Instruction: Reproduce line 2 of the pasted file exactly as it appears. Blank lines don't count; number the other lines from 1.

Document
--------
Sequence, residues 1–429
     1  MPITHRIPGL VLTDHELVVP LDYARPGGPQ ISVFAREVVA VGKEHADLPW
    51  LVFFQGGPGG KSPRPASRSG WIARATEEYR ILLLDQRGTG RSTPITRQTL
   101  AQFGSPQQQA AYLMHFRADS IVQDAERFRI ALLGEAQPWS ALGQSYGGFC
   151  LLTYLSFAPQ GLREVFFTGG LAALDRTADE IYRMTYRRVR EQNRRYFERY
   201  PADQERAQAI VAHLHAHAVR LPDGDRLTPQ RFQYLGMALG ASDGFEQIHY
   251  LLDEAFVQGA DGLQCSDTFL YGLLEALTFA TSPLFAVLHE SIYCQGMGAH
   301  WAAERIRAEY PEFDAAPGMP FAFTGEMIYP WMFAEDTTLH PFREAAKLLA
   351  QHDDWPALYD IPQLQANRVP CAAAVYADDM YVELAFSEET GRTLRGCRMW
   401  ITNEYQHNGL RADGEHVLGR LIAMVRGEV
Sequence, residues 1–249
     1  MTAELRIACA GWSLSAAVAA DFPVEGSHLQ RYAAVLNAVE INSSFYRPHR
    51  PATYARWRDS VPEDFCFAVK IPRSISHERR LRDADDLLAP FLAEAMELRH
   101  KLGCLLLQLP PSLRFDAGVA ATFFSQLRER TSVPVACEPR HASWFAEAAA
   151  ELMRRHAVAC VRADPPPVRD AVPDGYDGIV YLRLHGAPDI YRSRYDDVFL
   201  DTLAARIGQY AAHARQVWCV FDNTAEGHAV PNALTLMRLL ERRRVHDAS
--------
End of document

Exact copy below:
     1  MPITHRIPGL VLTDHELVVP LDYARPGGPQ ISVFAREVVA VGKEHADLPW